Genomic instability—an evolving hallmark of cancer. Nat Rev Mol Cell Biol

Department of Molecular Biology, CH-1205 Geneva, Switzerland.
Nature Reviews Molecular Cell Biology (Impact Factor: 37.81). 03/2010; 11(3):220-8. DOI: 10.1038/nrm2858
Source: PubMed
Genomic instability is a characteristic of most cancers. In hereditary cancers, genomic instability results from mutations in DNA repair genes and drives cancer development, as predicted by the mutator hypothesis. In sporadic (non-hereditary) cancers the molecular basis of genomic instability remains unclear, but recent high-throughput sequencing studies suggest that mutations in DNA repair genes are infrequent before therapy, arguing against the mutator hypothesis for these cancers. Instead, the mutation patterns of the tumour suppressor TP53 (which encodes p53), ataxia telangiectasia mutated (ATM) and cyclin-dependent kinase inhibitor 2A (CDKN2A; which encodes p16INK4A and p14ARF) support the oncogene-induced DNA replication stress model, which attributes genomic instability and TP53 and ATM mutations to oncogene-induced DNA damage.

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    • "Emerging evidence suggests that defects in DSB repair can lead to oncogenic genomic instability and, in support of this notion, mutations in DNA break repair factors are implicated in a number of human tumors, including breast, colon, and lung cancers[56]. In addition, somatic mutations in NHEJ factors have been identified in different types of human tumors including hypomorphic mutations of Artemis in EBV-associated lymphomas[57], mutations of Lig4 or XLF associated with non-Hodgkin's diffuse large B cell lymphoma585960, and mutations of DNA-PKcs in glioblastoma and lung cancer[56]. TP53 mutations were associated with human BL, its leukemic counterpart L3-type B cell acute lymphoblastic leukemia, B cell chronic lymphocytic leukemia (CLL), and, in particular, its stage of progression known as Richter's transformation[61]. "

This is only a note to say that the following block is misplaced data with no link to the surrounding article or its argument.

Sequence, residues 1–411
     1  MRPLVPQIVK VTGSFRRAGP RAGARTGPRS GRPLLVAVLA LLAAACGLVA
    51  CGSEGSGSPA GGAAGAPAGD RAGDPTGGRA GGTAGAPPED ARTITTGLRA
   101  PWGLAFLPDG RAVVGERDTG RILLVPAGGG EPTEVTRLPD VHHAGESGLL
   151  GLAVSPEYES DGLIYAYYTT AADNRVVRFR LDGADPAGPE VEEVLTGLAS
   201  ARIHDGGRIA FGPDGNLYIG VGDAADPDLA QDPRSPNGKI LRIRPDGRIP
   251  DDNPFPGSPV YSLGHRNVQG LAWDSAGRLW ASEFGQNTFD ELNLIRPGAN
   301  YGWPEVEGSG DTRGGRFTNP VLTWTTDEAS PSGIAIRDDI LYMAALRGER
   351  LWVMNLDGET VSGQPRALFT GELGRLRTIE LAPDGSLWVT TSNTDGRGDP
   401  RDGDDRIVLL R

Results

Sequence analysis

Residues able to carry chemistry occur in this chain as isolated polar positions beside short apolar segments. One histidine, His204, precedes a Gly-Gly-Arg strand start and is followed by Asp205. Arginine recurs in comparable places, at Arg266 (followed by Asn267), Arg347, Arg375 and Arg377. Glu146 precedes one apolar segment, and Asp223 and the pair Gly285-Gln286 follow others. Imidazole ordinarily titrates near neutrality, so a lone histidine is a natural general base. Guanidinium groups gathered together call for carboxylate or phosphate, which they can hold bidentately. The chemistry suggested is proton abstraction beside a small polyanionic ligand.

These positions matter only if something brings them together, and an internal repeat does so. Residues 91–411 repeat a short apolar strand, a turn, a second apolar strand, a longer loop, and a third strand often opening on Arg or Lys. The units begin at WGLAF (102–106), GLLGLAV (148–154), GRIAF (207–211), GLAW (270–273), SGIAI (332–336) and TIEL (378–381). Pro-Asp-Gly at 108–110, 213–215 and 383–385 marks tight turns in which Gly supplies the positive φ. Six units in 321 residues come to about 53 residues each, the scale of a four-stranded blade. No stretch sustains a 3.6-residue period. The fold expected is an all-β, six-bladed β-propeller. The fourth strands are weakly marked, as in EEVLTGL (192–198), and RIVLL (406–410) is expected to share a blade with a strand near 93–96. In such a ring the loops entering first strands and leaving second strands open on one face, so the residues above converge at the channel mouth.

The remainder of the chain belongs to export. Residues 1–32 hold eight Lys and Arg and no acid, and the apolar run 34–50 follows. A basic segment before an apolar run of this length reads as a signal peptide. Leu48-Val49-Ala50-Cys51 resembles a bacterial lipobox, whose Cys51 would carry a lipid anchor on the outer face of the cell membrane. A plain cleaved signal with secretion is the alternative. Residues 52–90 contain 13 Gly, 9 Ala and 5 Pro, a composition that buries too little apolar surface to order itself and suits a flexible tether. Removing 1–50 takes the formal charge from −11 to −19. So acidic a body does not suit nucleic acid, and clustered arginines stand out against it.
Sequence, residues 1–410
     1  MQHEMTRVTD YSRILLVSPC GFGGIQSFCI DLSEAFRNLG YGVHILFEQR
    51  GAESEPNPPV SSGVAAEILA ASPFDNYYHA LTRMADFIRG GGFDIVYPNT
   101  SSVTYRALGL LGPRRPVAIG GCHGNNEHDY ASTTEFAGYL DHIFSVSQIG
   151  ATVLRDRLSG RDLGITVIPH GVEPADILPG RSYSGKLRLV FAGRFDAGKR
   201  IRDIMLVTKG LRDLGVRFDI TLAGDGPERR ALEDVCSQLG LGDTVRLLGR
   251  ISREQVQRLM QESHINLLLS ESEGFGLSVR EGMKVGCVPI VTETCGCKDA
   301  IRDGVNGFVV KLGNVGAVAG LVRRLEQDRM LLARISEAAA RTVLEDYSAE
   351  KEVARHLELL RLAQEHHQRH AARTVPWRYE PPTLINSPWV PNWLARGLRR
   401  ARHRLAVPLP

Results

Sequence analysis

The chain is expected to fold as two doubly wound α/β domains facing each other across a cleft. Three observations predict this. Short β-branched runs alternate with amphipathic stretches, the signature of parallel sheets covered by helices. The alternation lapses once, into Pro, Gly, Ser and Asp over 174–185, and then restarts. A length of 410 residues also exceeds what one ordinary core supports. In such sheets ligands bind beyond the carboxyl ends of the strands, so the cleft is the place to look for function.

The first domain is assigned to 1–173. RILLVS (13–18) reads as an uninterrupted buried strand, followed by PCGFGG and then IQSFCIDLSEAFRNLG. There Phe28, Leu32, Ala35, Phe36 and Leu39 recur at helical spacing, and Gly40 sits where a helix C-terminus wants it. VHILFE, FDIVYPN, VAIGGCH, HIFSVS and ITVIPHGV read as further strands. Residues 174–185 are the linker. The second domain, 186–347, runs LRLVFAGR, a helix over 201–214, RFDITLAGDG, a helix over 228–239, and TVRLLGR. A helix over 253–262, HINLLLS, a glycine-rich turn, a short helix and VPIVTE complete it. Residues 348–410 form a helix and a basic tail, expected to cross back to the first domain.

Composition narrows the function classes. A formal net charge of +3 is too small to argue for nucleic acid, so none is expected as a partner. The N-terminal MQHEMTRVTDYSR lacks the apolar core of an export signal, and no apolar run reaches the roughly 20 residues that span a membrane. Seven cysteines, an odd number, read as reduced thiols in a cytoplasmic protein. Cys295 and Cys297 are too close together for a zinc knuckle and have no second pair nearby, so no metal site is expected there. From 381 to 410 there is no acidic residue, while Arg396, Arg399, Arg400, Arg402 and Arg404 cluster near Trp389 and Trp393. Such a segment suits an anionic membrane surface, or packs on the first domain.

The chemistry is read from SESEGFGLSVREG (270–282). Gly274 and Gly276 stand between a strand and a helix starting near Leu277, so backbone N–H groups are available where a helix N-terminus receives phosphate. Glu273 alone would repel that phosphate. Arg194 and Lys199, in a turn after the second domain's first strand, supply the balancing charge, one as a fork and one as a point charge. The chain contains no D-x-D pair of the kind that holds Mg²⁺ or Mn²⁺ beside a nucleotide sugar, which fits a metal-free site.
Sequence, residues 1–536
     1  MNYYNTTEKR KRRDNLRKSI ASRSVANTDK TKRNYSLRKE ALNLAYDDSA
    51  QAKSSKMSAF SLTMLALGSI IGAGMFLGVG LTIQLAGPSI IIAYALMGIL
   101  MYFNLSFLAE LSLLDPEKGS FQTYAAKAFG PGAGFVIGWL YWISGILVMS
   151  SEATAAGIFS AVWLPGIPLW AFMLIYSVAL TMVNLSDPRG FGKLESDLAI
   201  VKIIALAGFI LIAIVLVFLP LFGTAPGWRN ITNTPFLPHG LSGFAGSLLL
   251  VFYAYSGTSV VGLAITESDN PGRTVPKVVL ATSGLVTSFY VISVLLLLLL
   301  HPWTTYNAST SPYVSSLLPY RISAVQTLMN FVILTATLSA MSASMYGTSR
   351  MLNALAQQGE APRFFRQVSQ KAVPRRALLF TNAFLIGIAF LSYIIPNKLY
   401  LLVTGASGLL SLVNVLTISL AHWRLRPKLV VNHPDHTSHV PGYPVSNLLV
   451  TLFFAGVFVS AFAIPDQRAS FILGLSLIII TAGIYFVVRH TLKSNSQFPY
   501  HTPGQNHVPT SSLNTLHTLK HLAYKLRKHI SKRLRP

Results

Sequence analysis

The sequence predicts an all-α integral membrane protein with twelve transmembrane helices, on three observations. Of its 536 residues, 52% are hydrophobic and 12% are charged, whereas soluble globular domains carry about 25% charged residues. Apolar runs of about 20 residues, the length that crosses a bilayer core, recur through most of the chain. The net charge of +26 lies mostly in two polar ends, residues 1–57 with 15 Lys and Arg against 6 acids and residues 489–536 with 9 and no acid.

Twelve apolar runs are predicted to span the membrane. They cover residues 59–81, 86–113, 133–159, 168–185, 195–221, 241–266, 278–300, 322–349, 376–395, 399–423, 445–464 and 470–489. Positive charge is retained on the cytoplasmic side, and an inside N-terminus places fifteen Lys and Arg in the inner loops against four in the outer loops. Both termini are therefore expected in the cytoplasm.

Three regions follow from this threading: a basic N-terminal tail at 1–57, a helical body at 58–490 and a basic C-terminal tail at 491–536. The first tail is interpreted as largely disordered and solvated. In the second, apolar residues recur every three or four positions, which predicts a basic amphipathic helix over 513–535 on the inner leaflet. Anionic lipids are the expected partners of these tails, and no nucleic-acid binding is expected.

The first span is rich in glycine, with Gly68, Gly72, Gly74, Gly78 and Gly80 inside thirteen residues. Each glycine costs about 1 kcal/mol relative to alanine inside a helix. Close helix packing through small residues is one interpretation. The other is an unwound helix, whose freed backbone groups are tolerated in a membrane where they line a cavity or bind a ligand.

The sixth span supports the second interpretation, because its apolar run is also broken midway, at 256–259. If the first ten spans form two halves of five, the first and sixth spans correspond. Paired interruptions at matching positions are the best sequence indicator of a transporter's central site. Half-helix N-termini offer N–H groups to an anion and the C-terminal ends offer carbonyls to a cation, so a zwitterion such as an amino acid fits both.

[Show abstract] [Hide abstract] ABSTRACT: Background Activated B lymphocytes harbor programmed DNA double-strand breaks (DSBs) initiated by activation-induced deaminase (AID) and repaired by non-homologous end-joining (NHEJ). While it has been proposed that these DSBs during secondary antibody gene diversification are the primary source of chromosomal translocations in germinal center (GC)-derived B cell lymphomas, this point has not been directly addressed due to the lack of proper mouse models. Methods In the current study, we establish a unique mouse model by specifically deleting a NHEJ gene, Xrcc4, and a cell cycle checkpoint gene, Trp53, in GC B cells, which results in the spontaneous development of B cell lymphomas that possess features of GC B cells. Results We show that these NHEJ deficient lymphomas harbor translocations frequently targeting immunoglobulin (Ig) loci. Furthermore, we found that Ig translocations were associated with distinct mechanisms, probably caused by AID- or RAG-induced DSBs. Intriguingly, the AID-associated Ig loci translocations target either c-myc or Pvt-1 locus whereas the partners of RAG-associated Ig translocations scattered randomly in the genome. Lastly, these NHEJ deficient lymphomas harbor complicated genomes including segmental translocations and exhibit a high level of ongoing DNA damage and clonal heterogeneity. Conclusions We propose that combined NHEJ and p53 defects may serve as an underlying mechanism for a high level of genomic complexity and clonal heterogeneity in cancers.
    Full-text · Article · Dec 2016 · Journal of Hematology & Oncology
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    • "Because RasGAPs contribute to tumorigenesis, we suggested an MEK inhibitor (as a single agent or in combination) for the treatment of AYA01 [30, 31]. AYA02, olfactory neuroblastoma: chromosome instability and loss-of-function of CDKN2C AYA02 harbored a chromosome-level alteration with a TP53 missense mutation that contributed to chromosome instability [32]. Interestingly, AYA02 showed a double peak of a relative copy number change and armlevel alterations, which differed from other tumors (Fig. 3a and b ). "